• If you use the query job to overwrite the original table, you incur storage costs for one table instead of two, but you lose the original data.

Cons

  • Changing a column's data type using a query requires you to scan the entire table — The query charges can be significant if the table is very large.
  • If you write the query results to a new destination table, you incur storage costs for both the old table and the new one (unless you delete the old one).

Option 2: Exporting your data and loading it into a new table

You can also change a column's data type by exporting your table data to Google Cloud Storage, and then loading the data into a new table with a schema definition that specifies the correct data type for the column. You can also use the load job to overwrite the existing table.

Pros

  • You are not charged for the export job or the load job. Currently, BigQuery load and export jobs are free.
  • If you use the load job to overwrite the original table, you incur storage costs for one table instead of two, but you lose the original data.

Cons

  • If you load the data into a new table, you incur storage costs for the original table and the new table (unless you delete the old one).
  • You incur costs for storing the exported data in Cloud Storage.

CAST example

The following example shows a standard SQL query that selects all the data from column_two and column_three in mydataset.mytable and casts column_one from DATE to STRING. The query result is used to overwrite the existing table. The overwritten table will store column_one as a STRING data type.

When using CAST, a query can fail if BigQuery is unable to perform the cast. For details on casting rules in standard SQL, see Casting in the functions and operators reference documentation.

Web UI

  1. In the BigQuery web UI, click Compose Query.

  2. In the New Query box, enter the following query to select all of the data from column_two and column_three in mydataset.mytable and to cast column_one from DATE to STRING. The query uses an alias to cast column_one with the same name. mydataset.mytable is in your default project.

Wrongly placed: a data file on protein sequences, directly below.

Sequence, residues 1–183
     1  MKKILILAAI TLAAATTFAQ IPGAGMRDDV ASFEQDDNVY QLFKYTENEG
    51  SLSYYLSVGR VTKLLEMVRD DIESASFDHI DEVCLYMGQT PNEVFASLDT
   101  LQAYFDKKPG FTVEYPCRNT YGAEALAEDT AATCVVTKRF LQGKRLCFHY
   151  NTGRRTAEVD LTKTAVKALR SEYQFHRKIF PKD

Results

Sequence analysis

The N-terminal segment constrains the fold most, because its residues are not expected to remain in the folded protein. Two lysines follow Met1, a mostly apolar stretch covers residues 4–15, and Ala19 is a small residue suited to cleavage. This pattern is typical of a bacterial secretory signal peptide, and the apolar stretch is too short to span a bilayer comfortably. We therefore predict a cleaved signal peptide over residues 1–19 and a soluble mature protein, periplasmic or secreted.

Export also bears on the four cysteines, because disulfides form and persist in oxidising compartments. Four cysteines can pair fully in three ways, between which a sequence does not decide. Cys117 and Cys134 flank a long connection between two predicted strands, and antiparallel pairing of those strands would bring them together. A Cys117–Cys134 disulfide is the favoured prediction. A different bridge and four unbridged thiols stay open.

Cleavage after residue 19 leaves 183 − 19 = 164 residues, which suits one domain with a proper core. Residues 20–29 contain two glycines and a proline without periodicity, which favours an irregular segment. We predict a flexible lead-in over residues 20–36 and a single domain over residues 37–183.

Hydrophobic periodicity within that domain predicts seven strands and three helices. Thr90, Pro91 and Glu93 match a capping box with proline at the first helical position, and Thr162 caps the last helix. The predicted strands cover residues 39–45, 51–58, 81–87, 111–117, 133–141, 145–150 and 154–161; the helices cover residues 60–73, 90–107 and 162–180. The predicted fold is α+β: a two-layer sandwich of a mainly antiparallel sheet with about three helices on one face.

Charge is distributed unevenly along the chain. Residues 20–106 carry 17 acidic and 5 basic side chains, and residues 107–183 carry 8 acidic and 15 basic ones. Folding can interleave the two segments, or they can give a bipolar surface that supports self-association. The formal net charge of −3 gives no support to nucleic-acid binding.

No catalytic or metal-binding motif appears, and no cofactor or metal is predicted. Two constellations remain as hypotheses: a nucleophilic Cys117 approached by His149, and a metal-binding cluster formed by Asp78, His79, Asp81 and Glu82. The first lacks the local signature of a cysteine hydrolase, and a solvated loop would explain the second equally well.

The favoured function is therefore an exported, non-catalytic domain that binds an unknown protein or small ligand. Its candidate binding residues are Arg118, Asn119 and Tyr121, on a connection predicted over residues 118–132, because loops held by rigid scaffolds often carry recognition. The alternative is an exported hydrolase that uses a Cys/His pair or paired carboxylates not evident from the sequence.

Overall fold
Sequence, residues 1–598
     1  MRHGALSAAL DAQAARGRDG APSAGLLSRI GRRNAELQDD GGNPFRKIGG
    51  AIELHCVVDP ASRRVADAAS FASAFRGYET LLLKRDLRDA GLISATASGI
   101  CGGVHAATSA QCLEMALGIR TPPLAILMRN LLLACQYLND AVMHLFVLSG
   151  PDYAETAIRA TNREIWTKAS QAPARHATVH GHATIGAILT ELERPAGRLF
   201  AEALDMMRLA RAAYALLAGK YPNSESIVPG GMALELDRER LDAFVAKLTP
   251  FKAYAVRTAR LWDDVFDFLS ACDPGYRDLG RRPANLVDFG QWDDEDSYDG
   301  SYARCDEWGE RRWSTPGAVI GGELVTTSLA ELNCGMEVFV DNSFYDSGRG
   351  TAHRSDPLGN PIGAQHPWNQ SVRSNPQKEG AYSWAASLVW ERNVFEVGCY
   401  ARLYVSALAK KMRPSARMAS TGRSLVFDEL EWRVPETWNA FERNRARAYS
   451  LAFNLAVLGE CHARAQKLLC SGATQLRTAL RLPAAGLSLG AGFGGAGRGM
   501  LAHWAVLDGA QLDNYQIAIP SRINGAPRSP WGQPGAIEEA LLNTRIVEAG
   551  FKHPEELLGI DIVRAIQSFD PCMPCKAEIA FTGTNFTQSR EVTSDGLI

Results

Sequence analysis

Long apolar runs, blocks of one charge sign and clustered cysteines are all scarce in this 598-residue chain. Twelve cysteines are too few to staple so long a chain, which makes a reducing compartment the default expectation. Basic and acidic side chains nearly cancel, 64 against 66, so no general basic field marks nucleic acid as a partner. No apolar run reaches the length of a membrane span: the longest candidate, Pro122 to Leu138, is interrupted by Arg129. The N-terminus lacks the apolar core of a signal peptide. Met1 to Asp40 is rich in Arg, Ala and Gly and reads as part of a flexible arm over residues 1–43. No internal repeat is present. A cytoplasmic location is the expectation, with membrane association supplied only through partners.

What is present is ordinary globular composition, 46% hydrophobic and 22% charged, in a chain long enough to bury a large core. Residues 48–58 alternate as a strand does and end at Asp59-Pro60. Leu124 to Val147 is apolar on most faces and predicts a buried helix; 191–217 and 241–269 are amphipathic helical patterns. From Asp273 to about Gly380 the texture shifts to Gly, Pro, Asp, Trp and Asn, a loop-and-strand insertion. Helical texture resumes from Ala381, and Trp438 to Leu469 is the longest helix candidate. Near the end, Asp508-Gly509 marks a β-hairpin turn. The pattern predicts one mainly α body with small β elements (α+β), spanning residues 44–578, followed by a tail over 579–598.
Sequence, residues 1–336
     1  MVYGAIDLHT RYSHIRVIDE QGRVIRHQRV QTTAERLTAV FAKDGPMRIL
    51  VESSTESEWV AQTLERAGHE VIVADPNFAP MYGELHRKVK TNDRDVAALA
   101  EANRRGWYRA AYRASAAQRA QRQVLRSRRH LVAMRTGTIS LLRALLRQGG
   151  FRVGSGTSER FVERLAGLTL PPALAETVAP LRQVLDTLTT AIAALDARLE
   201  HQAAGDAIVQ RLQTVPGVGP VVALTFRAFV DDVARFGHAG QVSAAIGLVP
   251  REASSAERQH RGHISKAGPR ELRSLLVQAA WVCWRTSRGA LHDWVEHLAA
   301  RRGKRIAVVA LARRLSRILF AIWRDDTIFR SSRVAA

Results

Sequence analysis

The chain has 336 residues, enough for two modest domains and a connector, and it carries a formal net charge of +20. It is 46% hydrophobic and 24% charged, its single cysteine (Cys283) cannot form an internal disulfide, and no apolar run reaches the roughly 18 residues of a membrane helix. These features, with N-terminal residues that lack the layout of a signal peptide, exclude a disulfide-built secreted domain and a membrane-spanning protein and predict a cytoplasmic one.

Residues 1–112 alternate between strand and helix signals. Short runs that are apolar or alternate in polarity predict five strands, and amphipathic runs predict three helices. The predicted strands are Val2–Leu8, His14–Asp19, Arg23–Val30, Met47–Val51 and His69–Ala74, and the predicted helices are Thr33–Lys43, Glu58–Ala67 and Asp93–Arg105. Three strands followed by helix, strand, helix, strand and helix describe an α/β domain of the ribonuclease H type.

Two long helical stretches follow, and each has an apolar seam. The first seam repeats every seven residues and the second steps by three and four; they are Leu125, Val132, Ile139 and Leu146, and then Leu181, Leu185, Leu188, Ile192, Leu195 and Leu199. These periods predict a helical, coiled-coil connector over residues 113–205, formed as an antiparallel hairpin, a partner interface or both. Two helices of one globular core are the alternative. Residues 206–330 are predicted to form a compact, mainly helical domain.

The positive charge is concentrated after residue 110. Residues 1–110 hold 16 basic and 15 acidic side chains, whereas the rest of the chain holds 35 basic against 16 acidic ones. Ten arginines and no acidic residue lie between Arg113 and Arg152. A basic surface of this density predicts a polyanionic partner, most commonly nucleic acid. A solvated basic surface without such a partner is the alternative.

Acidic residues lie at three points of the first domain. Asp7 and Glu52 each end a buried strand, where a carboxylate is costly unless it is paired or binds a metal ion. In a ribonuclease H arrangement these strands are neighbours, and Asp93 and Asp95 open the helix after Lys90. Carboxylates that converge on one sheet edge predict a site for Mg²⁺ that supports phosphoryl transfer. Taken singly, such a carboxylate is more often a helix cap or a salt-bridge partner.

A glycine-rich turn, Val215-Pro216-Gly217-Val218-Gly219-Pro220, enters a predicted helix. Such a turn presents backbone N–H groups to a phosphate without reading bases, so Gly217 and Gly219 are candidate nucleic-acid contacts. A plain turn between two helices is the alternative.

#standardSQL
       SELECT
         column_two, column_three, CAST(column_one AS STRING) AS column_one
       FROM
         mydataset.mytable
       

  3. Click Show Options.

  4. In the Destination Table section, click Select Table.

  5. In the Select Destination Table dialog:

    1. For Project, leave the value set to your default project. This is the project that contains mydataset.mytable.

    2. For Dataset, choose mydataset.

    3. In the Table ID field, enter mytable.

    4. Click OK.

  6. In the Destination Table section, for Write Preference, choose Overwrite table. This will overwrite mytable using the query results.

  7. For Processing Location, click Unspecified and choose your data's location. You can leave processing location set to unspecified if your data is in the US or EU multi-region location. When your data is in the US or the EU, the processing location is automatically detected.

  8. Click Run query. When the query job completes, the data type of column_one is STRING.

CLI

Enter the following bq query command to to select all of the data from column_two and column_three in mydataset.mytable and to cast column_one from DATE to STRING. The query uses an alias to cast column_one with the same name. mydataset.mytable is in your default project.

The query results are written to mydataset.mytable using the --destination_table flag, and the --replace flag is used to overwrite mytable. Specify the use_legacy_sql=false flag to use standard SQL syntax.

Supply the --location flag and set the value to your location.